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Comment: Re:Computable? Simulatable? (Score 1) 199

by NexusJedi (#46686389) Attached to: P vs. NP Problem Linked To the Quantum Nature of the Universe
I don't think the assumption was that the universe "solves" the equation to "compute" reality. Rather, I think the point was that the "breakdown" of quantum behavior into macroscopic behavior seems to happen around the same scale that the interactions described by Schrödinger's equation start to run into fundamental limits of computability in the form of the Planck Length, and that this can help "explain" the transition to macroscopic behavior as simply being the point at which the system becomes too complicated, in a fundamental complexity theory sense, for Schrödinger's equation to accurately describe it any longer.

Comment: Re:False (Score 1) 366

by NexusJedi (#32981934) Attached to: Nexus One a Failed Experiment In Online Sales
Yeah, for the most part TMO has really great customer service and plans. But coverage depends heavily on your area. I live in Gainesville, FL and I get "3G" coverage that caps out at around 750Kb at full bars, and much of the city doesn't have coverage at all. When I was in Austin recently, tho, I was getting upward of 4Mb rates. I think they're much better on the west coast. I really wish it were not the case, but I will probably have to give up my N1 and switch to another carrier with decent data rates and coverage here.

Comment: Re:Sea kites for space travel (Score 1) 203

by NexusJedi (#32116972) Attached to: Underwater Ocean Kites To Harvest Tidal Energy

If NASA times it just right, we could put people on the moon, launch the moon at Mars and have people walking on Mars just months later.

...

Next, we use the tide from the sun to travel to Alpha Centauri.

Wait, are you suggesting that we ride the sun to Alpha Centauri, or put kites in the tides on the sun caused by Earth and launch Earth toward Alpha Centauri?

Cellphones

Gaming With GPS On Your Smartphone 43

Posted by Soulskill
from the getting-lost-despite-two-meter-precision dept.
Barence writes "If your handset doesn't get you out and about, tramping through mud, climbing around and hunting for hidden treasure, then something needs an upgrade. The iPhone, Blackberry's Storm and Bold lines, and many Symbian and Android handsets, now sport GPS, which makes your smartphone the ticket to join a global movement of outdoor games. These are outbound challenges that pit teams and solo players against themselves and each other in the search for hidden treasure, undiscovered landmarks, and hidden spots all over the world. This article delves into several of the best smartphone-friendly real-world games, each of which is a bridge between the online and offline worlds."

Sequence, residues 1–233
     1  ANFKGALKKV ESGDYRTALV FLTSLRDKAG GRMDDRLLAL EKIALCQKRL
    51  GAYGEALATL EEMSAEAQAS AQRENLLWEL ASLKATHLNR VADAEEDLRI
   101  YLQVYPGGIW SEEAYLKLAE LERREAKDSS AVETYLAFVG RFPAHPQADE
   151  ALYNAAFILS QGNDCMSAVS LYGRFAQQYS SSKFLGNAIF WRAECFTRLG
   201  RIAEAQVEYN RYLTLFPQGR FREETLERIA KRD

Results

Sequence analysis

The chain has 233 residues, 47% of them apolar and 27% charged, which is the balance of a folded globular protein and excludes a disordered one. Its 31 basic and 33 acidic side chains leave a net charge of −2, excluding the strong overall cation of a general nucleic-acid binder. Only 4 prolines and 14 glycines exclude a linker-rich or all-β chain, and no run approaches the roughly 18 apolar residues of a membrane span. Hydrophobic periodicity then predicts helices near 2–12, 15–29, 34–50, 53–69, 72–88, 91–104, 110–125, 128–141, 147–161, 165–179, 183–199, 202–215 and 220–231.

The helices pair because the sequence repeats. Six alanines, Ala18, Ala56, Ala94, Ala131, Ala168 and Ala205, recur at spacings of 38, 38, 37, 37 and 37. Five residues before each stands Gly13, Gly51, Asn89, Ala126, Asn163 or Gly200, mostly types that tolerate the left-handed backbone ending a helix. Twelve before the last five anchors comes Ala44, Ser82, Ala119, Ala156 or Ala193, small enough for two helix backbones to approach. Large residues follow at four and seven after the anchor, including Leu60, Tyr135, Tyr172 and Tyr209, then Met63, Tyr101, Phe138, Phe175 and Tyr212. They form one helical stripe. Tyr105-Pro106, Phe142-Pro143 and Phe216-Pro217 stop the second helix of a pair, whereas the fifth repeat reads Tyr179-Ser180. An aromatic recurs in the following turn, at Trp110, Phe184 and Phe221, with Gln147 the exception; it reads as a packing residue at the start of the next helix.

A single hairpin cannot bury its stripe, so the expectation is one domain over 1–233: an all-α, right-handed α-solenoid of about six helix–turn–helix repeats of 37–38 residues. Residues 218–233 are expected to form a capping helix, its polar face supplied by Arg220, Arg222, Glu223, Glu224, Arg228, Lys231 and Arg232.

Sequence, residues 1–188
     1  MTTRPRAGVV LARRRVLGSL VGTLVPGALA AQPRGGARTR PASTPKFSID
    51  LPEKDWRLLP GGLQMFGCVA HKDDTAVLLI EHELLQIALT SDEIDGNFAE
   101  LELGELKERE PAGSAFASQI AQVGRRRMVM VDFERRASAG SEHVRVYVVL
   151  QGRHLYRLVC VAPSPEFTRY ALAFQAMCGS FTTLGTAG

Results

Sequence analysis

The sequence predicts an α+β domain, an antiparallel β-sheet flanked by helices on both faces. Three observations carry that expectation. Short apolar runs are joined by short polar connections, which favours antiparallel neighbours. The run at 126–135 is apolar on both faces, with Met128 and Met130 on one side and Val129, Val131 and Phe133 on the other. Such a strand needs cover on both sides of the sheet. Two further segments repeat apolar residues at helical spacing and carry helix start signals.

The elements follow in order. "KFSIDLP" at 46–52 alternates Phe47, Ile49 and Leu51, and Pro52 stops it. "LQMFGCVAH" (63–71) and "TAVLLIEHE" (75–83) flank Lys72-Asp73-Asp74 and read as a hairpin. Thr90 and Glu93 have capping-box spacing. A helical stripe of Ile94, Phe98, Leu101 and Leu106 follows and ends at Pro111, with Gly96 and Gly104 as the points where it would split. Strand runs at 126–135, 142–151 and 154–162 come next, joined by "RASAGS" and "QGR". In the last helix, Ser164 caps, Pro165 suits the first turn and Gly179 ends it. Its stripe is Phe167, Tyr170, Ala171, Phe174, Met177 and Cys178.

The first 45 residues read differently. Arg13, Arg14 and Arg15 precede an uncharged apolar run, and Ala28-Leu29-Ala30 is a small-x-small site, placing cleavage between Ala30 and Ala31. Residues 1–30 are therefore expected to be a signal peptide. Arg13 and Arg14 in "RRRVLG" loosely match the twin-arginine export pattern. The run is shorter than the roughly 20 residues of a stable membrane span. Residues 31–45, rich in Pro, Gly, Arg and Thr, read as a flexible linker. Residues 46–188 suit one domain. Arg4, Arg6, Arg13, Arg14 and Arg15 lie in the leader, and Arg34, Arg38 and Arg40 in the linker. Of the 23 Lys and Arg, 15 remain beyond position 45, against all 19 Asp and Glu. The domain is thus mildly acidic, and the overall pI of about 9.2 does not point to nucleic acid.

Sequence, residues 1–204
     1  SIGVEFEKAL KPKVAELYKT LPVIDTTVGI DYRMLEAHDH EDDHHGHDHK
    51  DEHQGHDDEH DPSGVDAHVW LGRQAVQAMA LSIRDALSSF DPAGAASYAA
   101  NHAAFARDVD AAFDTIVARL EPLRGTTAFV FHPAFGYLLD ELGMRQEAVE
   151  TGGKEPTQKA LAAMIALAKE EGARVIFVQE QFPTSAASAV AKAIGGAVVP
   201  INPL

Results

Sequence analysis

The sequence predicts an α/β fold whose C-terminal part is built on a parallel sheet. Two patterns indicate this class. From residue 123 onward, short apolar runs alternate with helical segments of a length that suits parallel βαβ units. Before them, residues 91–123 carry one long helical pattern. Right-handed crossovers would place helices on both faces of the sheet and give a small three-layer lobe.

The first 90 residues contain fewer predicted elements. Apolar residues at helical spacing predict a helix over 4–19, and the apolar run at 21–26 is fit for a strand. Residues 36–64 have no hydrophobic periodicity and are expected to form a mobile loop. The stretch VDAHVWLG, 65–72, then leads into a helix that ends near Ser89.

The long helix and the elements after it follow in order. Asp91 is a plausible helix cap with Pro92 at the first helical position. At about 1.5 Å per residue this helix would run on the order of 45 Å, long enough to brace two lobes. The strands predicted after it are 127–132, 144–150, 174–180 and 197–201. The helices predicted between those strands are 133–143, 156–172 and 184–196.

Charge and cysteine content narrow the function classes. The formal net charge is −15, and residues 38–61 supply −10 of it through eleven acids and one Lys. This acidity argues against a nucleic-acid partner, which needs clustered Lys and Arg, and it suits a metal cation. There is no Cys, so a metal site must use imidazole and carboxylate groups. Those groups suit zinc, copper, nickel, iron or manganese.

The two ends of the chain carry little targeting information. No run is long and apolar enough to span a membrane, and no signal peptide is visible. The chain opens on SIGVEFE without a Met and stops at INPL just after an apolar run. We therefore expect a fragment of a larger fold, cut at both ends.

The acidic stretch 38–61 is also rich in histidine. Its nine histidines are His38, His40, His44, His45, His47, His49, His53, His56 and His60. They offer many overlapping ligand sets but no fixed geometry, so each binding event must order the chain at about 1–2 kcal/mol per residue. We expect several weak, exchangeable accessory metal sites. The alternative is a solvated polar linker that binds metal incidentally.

Comment: Re:Perhaps... (Score 1) 453

by NexusJedi (#30685308) Attached to: IT Job Satisfaction Plummets To All-Time Low

No, I'm not saying every system would die within two weeks without maintenance, but enough of them would that it would create som real freaggin' huge problems! Not to mention the user's need to be led by the hand through the nigh unfathomable maze that is finding files you've saved, finding the right icon to click to launch the application you use every day, sending e-mail, etc.

It occurs to me that this points to most IT systems (particularly interfaces) being poorly designed.

Comment: Re:The real question (Score 1) 424

by NexusJedi (#28723151) Attached to: Huge Unidentified Organic Blob Floating Around Alaska

Over the past 10 months, five feet have been found on shorelines along the Strait of Georgia, southwest of Vancouver. ... Four of the feet are right feet. The fifth is a left foot. ... There are more than 2,000 people missing in British Columbia alone, says Ebbesmeyer, so there's a good likelihood that they come from one of them.

One of the missing people had 4 right feet and a left foot? And I thought I was bad at dancing...

Comment: Re:"Indentation in rubber sheet" (Score 1) 329

by NexusJedi (#27311361) Attached to: Reflected Gravitational Waves

I find this a better analogy:

Picture a rubber sheet with a grid of parallel lines drawn on it. These lines represent the trajectory of objects moving along straight paths. An object with mass causes the sheet to shrink in toward the object in all directions, causing those parallel lines to curve in toward the object as well, and consequently the paths of traveling objects to curve in toward the object as well. (The stretch [pun intended], of course, is that the traveling objects are constrained to follow the lines, but you have to realize that the objects are not rolling along on top of the sheet, but are in fact moving within it.)

Extend this to three dimensions, and you have gravity. Now the only thing to determine is why objects warp space, and that is beyond my ken.

It is not every question that deserves an answer. -- Publilius Syrus

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